KPTS

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KPTS
KPTS 2021 logo.png
Hutchinson/Wichita, Kansas
United States
CityHutchinson, Kansas
ChannelsDigital: 8 (VHF)
Virtual: 8
BrandingPBS Kansas Public Television (general)
PBS Kansas (alternate)
PBS Kansas Explore (DT2)
PBS Kansas Create (DT3)
PBS Kansas Kids 24/7 (DT4)
PBS Kansas Kids (alternate; DT4)
Programming
Affiliations8.1: PBS (1970–present)
8.2: PBS Explore
8.3: Create
8.4: PBS Kids
Ownership
OwnerKansas Public Telecommunications Service, Inc.
History
First air date
January 5, 1970 (51 years ago) (1970-01-05)
Former channel number(s)
Analog:
8 (VHF, 1970–2009)
Digital:
29 (UHF, 2003–2009)
NET (January–October 1970)
Call sign meaning
Kansas
Public
Telecommunications
Service
Technical information
Licensing authority
FCC
Facility ID33345
ERP32 kW
HAAT244 m (801 ft)
Transmitter coordinates38°3′21″N 97°46′35″W / 38.05583°N 97.77639°W / 38.05583; -97.77639
Translator(s)17 (UHF) Wichita (city)
Links
Public license information
Profile
LMS
Websitewww.kpts.org

KPTS, virtual and VHF digital channel 8, is a Public Broadcasting Service (PBS) member television station serving Wichita, Kansas, United States that is licensed to Hutchinson. The station is owned by Kansas Public Telecommunications Service, Inc., a non-profit educational organization. KPTS' studios are located on 21st and Waco Streets in northwestern Wichita.

The station broadcasts from two over-the-air transmitters—its main tower is located in northeastern Reno County (east of Hutchinson), and its signal is relayed on a fill-in low-power translator station on UHF channel 17 in south Park City for the Wichita metro area. In addition to the translator, CSN International translator K204DQ (88.7 FM) transmits its signal at this site.

On cable, KPTS is available on Cox Communications channel 8 in both standard and high definition, and on AT&T U-verse channels 8 (SD) and 1008 (HD).

History[edit]

KPTS logo used from 1990 to 2013.

In June 1965, the Garvey Foundation purchased a transmitter site in Hutchinson, with the intent to start a non-commercial educational television station. Shortly afterward, on July 21, 1965, the Sunflower Educational Television Corporation was chartered to start a public television station for the Wichita market. A year later, the SETC's board of trustees filed for a construction permit with the Federal Communications Commission (FCC) for a non-commercial educational license on VHF channel 8, which was eventually assigned KPTS as its call letters.[citation needed]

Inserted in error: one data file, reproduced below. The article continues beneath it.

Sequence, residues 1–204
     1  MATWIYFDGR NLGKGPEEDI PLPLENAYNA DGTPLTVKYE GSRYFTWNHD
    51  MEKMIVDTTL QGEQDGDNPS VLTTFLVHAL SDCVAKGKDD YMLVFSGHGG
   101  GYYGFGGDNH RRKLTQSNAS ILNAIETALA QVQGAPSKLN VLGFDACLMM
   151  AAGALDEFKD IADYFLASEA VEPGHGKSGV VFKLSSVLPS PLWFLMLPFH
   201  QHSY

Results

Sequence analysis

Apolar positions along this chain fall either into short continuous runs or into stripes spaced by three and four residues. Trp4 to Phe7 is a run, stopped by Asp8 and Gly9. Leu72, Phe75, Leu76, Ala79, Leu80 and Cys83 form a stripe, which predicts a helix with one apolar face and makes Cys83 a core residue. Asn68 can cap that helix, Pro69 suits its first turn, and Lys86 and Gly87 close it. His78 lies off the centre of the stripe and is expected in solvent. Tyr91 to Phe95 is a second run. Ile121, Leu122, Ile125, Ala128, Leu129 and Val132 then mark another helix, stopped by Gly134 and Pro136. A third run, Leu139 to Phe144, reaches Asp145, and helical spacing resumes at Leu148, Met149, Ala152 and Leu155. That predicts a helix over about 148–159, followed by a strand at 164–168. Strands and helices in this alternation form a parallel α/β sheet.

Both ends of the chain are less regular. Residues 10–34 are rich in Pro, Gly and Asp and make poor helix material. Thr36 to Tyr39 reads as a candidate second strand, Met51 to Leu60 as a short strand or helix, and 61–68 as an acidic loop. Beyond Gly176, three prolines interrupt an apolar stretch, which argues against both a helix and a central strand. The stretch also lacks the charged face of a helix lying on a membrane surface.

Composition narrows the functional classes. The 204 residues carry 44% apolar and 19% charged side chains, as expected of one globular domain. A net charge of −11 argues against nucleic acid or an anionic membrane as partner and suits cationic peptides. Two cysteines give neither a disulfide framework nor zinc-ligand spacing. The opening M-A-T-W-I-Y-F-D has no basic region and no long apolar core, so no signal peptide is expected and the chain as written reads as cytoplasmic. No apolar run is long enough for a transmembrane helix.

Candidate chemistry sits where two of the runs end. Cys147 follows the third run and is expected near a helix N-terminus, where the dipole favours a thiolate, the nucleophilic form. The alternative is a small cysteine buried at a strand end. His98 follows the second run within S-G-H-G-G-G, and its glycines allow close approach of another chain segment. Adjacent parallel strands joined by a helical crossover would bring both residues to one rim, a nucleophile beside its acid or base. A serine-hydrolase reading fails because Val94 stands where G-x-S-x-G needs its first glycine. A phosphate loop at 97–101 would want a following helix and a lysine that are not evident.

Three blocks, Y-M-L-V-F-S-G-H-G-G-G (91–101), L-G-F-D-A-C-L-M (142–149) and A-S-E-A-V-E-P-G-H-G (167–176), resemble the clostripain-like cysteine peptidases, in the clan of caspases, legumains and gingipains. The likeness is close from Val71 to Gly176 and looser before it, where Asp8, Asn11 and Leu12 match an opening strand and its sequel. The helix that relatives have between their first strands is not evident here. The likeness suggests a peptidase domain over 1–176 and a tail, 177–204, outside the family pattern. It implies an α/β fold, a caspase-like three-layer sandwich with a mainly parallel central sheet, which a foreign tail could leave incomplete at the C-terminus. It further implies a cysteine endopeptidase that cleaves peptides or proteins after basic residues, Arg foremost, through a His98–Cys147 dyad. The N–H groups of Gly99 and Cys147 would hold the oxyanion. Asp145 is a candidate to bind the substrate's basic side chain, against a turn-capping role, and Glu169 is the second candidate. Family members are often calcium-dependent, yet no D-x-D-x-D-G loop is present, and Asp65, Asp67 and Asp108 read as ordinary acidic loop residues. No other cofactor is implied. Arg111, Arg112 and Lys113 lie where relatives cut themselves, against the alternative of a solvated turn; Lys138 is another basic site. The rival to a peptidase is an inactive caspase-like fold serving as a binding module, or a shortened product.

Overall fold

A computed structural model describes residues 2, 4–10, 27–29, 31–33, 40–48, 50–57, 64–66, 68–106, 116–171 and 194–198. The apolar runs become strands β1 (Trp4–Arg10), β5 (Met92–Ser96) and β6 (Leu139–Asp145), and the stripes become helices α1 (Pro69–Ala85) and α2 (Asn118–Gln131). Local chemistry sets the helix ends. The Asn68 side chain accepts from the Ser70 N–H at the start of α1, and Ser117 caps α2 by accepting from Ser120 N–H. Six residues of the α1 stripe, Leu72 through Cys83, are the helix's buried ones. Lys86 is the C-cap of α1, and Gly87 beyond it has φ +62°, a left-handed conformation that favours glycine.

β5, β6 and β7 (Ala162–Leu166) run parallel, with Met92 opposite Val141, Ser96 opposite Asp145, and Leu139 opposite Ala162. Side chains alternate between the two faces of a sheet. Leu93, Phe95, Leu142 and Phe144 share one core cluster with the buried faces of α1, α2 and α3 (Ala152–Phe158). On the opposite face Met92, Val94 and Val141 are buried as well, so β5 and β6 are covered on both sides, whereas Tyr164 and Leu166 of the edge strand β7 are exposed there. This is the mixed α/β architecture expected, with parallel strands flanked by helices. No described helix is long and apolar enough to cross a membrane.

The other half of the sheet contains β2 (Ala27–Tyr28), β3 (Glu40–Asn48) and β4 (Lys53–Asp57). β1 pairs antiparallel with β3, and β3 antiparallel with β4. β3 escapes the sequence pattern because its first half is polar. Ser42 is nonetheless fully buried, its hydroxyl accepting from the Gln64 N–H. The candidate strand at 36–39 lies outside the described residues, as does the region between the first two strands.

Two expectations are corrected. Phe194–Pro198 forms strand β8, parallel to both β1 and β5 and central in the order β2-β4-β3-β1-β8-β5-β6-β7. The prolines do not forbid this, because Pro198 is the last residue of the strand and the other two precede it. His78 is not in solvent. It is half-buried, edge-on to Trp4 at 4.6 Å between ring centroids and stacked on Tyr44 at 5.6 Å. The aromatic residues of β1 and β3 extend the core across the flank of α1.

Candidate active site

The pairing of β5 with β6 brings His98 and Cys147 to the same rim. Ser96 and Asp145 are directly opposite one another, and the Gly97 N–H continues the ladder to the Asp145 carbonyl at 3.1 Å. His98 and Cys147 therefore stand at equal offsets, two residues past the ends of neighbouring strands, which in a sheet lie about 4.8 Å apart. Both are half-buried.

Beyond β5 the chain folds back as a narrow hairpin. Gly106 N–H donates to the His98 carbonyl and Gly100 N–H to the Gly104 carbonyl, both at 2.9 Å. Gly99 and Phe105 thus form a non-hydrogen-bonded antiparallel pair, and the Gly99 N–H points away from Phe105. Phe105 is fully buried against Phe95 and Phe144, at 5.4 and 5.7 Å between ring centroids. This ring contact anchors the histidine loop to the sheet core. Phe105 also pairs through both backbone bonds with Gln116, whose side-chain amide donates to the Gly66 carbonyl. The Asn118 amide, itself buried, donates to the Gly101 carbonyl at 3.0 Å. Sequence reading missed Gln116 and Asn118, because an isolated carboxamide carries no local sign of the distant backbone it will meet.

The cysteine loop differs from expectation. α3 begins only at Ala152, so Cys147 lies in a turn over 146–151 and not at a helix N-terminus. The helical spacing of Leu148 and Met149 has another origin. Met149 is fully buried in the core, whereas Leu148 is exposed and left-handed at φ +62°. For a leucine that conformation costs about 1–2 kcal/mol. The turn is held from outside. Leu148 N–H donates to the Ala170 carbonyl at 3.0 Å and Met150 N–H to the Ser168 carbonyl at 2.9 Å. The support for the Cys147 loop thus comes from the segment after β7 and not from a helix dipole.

The station first signed on the air on January 5, 1970;[1] for its first ten months on the air, it served as a member station of National Educational Television (NET), before becoming a member of PBS when it launched on October 6, 1970. In 1978, Sunflower Educational Television Corporation was reorganized as the Kansas Public Telecommunications Service. In 1980, the station moved to its current studio facility at 320 West 21st Street North in Wichita.[citation needed]

In January 2021, KPTS transitioned to a new name, PBS Kansas Public Television. The move highlights how PBS Kansas serves the majority of Kansas residents.

Digital television[edit]

Digital channels[edit]

The station's digital signal is multiplexed:

Channel Video Aspect PSIP Short Name Programming[2]
8.1 1080i 16:9 KPTS-HD Main KPTS programming / PBS
8.2 720p Explore PBS Kansas Explore
8.3 480i Create PBS Kansas Create
8.4 KPTSKID PBS Kansas Kids 24/7

KPTS-DT2, which rebroadcasts KPTS' locally produced and PBS network programming, is carried on Cox Communications digital channel 671; while KPTS-DT3, which broadcasts programming from the Create network, is carried on Cox digital channel 670; and KPTS-DT4, which broadcasts children's programming from the PBS Kids network, is carried on Cox digital channel 681.

Analog-to-digital conversion[edit]

KPTS signed on its digital signal on channel 8 at 10 a.m. February 16, 2008.[3] The station shut down its analog signal, over VHF channel 8, on January 5, 2009. One month later on February 18, the station's digital signal relocated from its pre-transition UHF channel 29 to VHF channel 8.[3][4][5]

Due to reception problems that occurred after the transition due to the short height of its previous transmitter tower near Buhler and the fact that the transmitter operated at a lower power that limited the station's coverage area, resulting in signal loss issues – especially in areas of lower terrain located south and east of Wichita,[citation needed] KPTS began raising funds to sign on a fill-in translator from a tower north of Wichita in 2011. Plans called for construction on the tower to begin in the summer of 2013 with the translator signing on by September; however, these plans were delayed due to frequent occurrences of record rainfall during July and August.[6][7][8] The translator began operating on November 8, 2013.

References[edit]

  1. ^ "KPTS - History". Archived from the original on January 17, 2008. Retrieved January 27, 2008.
  2. ^ RabbitEars TV Query for KPTS
  3. ^ a b "KPTS - About Digital TV". Archived from the original on May 19, 2011. Retrieved January 21, 2009.
  4. ^ "DTV Tentative Channel Designations for the First and the Second Rounds" (PDF). Archived from the original (PDF) on August 29, 2013. Retrieved March 24, 2012.
  5. ^ FCC Document
  6. ^ "Records falling with the rain in Wichita". The Wichita Eagle. July 29, 2013.
  7. ^ "Only one August has seen more rain in Wichita". The Wichita Eagle. August 13, 2013.
  8. ^ Photos of KPTS Tower Project in 2013.

External links[edit]